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Walkable communities a pedestrian dream
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"The whole concept of walkability has to do with scale," says Dan Burden, executive director of Walkable Communities Inc., which provides guidance and training on "what walkability really is" in neighborhoods, cities, counties and states. Burden is also a senior urban designer with Gladding Jackson, a planning firm in Orlando, Fla.

"With conventional light density and poor connectivity, it's impossible to visit friends or get to a store other than by car," he says. "It makes us highly car-dependent and forces higher car ownership.

"People often move into a neotraditional neighborhood with the idea that it will cut down on their travel expenses. If you're careful to pick a project that offers the kind of services you need, you can cut those expenses back by 40 percent," he says.

There might be environmental benefits in the bargain, too.

"If I can get to 40 percent of my locations by walking or biking," York says, "there's that much fewer emissions going into the atmosphere."

While that sounds good on paper, says Alex Marshall, author of "How Cities Work: Suburbs, Sprawl and the Roads Not Taken," the merits of small-town living aren't so easily transferred to the suburbs.

"What do people like about small towns? Walkability, some history and a nice mix of stores downtown," say Marshall, who is a senior fellow at the Regional Planning Association in New York City. "What they often don't like is that there's no place to park. You have to provide spaces for the cars somewhere, and that often ends up undermining attempts to make it function more like a traditional town."

Also, Marshall points out that a downtown-shopping district requires a very high density of residents to support it.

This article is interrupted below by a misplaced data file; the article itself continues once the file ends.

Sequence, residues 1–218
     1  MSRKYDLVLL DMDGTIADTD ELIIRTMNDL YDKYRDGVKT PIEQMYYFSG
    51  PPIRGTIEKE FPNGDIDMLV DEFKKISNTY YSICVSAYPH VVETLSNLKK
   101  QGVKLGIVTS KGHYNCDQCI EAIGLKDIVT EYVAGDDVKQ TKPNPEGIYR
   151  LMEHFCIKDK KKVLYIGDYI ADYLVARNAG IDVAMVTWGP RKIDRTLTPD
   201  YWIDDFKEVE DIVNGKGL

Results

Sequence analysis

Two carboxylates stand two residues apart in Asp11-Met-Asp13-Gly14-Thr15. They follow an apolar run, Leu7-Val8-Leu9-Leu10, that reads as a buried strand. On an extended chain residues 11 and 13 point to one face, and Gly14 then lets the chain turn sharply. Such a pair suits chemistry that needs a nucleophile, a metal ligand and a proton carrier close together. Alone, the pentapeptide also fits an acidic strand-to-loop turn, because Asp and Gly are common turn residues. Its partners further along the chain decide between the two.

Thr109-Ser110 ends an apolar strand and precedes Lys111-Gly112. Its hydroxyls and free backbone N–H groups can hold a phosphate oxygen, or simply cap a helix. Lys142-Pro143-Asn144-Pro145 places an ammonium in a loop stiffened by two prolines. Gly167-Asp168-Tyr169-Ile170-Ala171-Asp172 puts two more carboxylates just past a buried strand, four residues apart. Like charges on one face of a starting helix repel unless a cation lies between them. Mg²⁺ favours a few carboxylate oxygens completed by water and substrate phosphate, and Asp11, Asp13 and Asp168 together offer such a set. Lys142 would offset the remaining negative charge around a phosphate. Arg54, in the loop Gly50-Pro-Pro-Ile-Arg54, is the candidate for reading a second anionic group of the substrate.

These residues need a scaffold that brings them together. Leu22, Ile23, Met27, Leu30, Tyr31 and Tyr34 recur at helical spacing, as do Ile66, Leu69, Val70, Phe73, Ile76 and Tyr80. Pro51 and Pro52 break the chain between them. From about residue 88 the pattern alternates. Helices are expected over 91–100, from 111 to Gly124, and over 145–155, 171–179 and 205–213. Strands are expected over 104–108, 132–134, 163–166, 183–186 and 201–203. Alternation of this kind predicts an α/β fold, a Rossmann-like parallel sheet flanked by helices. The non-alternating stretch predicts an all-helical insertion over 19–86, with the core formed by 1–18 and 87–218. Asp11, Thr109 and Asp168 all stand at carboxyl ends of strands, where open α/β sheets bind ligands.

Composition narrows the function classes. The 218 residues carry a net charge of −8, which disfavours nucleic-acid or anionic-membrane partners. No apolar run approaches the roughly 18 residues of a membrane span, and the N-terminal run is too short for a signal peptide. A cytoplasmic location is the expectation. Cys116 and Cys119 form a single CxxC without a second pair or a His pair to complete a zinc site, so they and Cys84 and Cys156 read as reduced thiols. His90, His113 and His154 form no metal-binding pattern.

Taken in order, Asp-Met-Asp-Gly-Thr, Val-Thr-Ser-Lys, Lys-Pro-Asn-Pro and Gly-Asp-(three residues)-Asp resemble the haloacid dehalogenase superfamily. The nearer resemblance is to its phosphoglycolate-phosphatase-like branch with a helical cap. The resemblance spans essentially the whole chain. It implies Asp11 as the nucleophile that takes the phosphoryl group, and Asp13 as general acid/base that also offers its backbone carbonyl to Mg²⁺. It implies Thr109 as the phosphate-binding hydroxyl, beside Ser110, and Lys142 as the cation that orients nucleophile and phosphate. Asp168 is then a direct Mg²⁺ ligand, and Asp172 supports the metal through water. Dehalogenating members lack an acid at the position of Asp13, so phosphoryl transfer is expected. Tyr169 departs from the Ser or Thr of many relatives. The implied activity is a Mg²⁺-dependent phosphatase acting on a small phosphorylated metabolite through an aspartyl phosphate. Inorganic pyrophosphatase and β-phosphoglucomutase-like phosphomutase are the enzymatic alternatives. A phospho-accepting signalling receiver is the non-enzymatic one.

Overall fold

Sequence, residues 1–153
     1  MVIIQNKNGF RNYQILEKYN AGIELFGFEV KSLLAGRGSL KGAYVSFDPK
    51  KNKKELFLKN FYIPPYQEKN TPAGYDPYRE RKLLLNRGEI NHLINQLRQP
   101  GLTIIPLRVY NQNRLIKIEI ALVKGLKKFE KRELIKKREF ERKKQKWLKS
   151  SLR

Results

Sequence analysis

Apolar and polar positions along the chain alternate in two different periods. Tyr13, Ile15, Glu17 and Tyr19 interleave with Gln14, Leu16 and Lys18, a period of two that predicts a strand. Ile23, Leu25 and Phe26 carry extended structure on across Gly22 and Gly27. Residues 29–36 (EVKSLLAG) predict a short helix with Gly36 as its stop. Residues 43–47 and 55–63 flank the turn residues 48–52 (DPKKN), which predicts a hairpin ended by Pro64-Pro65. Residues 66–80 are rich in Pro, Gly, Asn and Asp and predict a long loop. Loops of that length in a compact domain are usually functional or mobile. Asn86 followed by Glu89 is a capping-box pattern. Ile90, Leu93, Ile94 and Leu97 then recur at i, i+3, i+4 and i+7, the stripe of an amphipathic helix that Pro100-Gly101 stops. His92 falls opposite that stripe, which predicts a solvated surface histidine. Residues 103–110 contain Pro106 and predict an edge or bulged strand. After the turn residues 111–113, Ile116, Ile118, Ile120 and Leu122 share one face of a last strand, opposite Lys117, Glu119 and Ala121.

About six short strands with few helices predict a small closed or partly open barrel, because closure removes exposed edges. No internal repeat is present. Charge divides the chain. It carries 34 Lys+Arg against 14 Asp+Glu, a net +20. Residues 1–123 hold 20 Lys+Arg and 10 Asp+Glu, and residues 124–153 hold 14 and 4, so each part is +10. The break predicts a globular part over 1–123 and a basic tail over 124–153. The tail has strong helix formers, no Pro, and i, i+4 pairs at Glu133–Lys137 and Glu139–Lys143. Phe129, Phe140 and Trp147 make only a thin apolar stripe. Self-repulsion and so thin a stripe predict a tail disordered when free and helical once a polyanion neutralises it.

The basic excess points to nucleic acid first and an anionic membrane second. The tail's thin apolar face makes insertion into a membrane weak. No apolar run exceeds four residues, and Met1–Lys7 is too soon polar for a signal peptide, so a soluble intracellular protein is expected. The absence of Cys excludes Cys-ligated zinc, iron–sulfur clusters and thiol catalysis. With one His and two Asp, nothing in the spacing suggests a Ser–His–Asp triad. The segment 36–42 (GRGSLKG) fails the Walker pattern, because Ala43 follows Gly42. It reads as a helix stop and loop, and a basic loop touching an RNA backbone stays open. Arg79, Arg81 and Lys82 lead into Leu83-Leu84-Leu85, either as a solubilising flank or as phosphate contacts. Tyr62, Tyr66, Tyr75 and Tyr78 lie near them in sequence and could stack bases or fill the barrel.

Property values an issue
New urbanists say they create density by supporting a diversity of housing choices, from apartments built over shops on Main Street and atop garages to town houses, single-family homes and mansions, says Burden -- all in the same neighborhood.

"A mix of uses and housing types intensifies the density in a very significant way to support a higher frequency of public transit, more stores, better parks and better streets," he says.

Property values in many neotraditional communities often tell a different story, Marshall says.

"Diversity tends to be a mirage," he says. "Many of these places are mostly for the wealthy and a very small number of middle-class people.

"The biggest liability is that you're paying a lot more per square foot for these homes and apartments than you would in the subdivision across the street."

York agrees that neotraditional neighborhoods often don't provide enough midrange housing, but says rising prices are a result of normal market forces.

"The problem is that prices get bid upward as a function of supply and demand," she says. "There's a common joke among planners that if you want to retain affordable housing, don't build it well."

Next: "More and more people are clamoring for community living."
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